Judge Rules Morning-After Pill Must Be Available Over The Counter For All Ages

The ruling came in response to a lawsuit brought by reproductive-rights groups.

The New York Times: Judge Orders Morning-After Pill Available For All Ages
A federal judge has ruled that the United States government must make the most common morning-after pill available over the counter for all ages, instead of requiring a prescription for girls 16 and under (Belluck, 4/5).

Reuters: Judge Strikes Restrictions On 'Morning-After' Pill
The ruling by U.S. District Judge Edward Korman in Brooklyn, New York, comes in a lawsuit brought by reproductive-rights groups, which had sought to remove age and other restrictions on emergency contraception (4/5).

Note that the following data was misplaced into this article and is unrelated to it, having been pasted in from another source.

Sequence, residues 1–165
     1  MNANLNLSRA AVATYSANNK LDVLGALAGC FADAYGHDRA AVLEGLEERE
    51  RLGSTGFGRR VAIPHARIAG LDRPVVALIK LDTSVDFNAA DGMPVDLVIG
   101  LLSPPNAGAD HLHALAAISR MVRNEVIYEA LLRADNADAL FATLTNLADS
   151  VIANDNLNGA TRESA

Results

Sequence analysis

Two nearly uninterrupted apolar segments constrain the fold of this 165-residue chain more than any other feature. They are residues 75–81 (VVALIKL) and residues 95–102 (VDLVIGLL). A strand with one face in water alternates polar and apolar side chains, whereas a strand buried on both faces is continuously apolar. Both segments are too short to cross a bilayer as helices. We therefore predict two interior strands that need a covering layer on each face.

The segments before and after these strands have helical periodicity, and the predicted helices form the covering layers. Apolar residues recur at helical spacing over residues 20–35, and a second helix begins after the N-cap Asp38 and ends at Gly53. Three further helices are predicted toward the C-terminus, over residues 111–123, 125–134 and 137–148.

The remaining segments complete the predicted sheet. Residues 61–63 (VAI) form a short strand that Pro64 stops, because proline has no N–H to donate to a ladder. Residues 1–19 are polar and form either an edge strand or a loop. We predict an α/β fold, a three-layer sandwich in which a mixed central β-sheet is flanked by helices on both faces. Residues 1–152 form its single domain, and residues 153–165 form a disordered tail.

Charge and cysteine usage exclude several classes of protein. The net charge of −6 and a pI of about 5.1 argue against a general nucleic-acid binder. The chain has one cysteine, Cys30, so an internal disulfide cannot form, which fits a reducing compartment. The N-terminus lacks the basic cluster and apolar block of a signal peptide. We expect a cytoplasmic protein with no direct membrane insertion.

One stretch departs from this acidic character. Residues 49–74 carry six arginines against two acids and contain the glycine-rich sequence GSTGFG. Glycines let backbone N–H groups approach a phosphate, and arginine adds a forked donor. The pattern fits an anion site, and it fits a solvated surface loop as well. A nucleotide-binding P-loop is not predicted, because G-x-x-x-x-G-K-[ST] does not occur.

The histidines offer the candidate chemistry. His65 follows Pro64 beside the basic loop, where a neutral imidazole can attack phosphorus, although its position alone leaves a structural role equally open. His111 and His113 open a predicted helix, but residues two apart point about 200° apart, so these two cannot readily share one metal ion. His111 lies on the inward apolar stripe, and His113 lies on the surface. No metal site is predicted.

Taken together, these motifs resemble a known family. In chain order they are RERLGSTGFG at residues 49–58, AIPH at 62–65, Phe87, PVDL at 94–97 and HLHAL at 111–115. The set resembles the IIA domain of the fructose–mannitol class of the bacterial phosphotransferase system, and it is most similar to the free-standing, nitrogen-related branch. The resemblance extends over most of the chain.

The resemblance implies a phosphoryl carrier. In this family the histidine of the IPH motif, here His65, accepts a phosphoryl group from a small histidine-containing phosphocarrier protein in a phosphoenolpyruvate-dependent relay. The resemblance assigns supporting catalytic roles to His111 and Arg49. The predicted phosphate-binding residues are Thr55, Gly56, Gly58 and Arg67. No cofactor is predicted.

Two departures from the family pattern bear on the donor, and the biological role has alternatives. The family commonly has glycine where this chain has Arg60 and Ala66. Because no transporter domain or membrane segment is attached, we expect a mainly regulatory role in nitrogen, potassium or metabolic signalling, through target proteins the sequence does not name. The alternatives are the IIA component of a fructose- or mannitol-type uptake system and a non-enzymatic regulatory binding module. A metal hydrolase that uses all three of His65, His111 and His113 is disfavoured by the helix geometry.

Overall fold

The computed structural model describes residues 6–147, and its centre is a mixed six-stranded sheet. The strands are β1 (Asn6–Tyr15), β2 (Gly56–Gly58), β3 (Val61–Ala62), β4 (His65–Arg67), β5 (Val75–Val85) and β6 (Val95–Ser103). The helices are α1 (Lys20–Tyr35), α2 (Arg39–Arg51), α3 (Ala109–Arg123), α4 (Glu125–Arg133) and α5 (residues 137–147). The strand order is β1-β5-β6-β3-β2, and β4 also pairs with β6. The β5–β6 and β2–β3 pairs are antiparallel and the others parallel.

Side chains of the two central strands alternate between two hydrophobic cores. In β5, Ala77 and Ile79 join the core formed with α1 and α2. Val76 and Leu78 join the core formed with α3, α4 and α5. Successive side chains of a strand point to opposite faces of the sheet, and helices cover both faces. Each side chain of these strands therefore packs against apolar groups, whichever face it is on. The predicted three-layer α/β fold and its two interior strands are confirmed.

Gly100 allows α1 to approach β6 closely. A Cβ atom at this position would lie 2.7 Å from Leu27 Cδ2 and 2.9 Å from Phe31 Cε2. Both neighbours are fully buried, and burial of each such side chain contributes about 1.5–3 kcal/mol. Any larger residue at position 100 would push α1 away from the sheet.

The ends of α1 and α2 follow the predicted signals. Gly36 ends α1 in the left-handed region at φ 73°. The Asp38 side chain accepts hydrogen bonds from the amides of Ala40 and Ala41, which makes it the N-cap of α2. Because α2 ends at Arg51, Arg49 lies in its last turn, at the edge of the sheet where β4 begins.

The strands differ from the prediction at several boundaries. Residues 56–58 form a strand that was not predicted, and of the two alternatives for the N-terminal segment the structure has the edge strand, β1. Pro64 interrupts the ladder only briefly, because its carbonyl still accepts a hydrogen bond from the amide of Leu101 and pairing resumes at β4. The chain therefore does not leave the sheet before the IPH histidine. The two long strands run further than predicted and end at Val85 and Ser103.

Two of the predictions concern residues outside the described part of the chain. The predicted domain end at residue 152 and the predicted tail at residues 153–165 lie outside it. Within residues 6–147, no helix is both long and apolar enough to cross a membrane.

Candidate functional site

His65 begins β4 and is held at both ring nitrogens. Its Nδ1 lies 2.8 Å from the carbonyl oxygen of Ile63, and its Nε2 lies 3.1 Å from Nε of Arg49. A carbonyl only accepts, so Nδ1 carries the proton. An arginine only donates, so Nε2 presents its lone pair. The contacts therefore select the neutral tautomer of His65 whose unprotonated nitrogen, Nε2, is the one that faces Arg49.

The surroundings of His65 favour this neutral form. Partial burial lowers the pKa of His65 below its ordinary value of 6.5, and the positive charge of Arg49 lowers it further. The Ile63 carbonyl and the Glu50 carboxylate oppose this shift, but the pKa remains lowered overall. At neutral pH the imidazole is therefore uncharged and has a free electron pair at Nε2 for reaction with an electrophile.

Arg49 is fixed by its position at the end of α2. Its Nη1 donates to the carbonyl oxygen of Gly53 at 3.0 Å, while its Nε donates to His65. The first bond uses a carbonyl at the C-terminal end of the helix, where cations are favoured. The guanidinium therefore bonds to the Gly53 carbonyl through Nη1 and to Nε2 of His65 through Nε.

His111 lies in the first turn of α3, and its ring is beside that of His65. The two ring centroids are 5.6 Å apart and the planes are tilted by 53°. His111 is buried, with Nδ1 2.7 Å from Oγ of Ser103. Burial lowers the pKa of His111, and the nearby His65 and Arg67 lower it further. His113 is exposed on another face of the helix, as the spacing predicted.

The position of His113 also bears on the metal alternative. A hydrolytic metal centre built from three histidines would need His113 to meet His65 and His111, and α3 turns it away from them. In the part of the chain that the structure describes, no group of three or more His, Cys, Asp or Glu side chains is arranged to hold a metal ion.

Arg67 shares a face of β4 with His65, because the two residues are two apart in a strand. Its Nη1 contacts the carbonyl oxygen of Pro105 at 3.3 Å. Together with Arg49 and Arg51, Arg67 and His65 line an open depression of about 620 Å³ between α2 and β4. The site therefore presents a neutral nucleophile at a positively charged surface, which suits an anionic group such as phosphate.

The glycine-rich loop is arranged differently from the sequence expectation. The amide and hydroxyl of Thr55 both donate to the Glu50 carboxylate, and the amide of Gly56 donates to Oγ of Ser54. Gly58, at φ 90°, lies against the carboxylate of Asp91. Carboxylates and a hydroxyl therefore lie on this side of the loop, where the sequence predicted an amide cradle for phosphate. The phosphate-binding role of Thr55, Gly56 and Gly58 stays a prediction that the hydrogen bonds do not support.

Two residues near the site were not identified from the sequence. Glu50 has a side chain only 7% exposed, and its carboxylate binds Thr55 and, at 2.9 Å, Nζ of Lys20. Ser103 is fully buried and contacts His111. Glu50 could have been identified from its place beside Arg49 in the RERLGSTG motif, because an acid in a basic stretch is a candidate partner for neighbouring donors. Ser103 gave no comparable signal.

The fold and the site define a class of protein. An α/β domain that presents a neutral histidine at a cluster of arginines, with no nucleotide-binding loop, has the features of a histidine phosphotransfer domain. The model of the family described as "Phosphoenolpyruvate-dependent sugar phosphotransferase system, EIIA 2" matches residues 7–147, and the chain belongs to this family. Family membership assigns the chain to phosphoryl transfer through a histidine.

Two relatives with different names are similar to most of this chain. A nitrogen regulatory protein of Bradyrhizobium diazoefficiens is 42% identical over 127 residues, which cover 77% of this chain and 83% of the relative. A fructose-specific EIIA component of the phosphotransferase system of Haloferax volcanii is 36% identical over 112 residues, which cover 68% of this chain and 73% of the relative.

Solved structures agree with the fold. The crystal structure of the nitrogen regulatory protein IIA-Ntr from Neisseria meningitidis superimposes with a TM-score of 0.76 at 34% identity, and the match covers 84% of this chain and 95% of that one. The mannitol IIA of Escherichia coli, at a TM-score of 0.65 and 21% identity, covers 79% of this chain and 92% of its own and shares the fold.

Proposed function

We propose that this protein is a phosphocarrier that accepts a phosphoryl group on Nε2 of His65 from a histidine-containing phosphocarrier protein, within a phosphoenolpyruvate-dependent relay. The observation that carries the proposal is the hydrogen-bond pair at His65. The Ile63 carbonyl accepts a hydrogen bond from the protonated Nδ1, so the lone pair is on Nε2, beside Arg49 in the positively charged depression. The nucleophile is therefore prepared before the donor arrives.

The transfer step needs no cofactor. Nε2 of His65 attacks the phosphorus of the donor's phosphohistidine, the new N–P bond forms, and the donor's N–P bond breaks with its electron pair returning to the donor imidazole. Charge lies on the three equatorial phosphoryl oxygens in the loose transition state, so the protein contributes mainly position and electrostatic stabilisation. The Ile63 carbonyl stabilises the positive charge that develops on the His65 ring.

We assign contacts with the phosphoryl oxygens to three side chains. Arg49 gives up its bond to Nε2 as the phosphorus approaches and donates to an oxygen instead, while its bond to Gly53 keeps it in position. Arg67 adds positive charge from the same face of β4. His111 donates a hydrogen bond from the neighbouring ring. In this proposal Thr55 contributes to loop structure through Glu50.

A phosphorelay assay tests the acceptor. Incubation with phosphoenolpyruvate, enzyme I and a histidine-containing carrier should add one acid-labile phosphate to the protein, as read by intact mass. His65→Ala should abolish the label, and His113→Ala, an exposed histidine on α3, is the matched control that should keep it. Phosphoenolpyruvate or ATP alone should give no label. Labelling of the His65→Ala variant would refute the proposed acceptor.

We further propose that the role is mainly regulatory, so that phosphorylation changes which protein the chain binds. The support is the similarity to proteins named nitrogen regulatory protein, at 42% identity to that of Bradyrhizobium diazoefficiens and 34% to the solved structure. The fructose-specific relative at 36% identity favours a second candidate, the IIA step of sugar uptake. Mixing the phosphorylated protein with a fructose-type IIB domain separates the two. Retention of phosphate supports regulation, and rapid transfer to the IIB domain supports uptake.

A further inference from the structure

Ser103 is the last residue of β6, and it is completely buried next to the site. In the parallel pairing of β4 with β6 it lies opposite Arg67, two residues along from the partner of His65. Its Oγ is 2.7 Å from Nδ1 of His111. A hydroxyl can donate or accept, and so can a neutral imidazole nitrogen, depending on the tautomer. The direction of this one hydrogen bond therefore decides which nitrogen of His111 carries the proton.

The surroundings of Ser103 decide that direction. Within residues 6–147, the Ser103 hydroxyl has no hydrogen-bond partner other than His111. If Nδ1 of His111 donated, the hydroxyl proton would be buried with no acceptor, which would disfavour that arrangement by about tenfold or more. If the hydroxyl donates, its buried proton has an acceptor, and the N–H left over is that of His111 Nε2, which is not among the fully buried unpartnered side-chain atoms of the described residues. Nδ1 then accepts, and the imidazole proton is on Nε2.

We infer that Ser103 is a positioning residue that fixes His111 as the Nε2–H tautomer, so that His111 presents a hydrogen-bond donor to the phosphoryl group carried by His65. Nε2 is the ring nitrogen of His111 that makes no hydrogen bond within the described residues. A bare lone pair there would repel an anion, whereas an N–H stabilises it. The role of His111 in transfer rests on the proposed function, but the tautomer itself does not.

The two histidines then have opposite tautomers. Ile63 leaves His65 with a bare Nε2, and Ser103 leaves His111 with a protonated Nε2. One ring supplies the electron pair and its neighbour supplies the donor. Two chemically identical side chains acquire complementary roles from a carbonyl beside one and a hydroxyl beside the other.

Politico Pro: Court: No Age Limit On OTC Emergency Contraception
The ruling is a blow to President Barack Obama and HHS Secretary Kathleen Sebelius, both of whom support restricting OTC access to "morning after pills" for anyone under age 17. Younger women had required a prescription (Smith, 4/5).

CBS News: Judge Strikes Age Restrictions For 'Morning-After' Pill
In 2011 the Food and Drug Administration had been prepared to lift a controversial age limit and make Plan B One-Step. ... Plan B was being sold only with a prescription to those 17 and older showing an ID with proof of age. But in December of that year Health and Human Services Secretary Kathleen Sebelius blocked the move. ... Sebelius said that while young girls are physically capable of bearing children, they might not properly understand how to use the emergency contraception without guidance from an adult (4/5).

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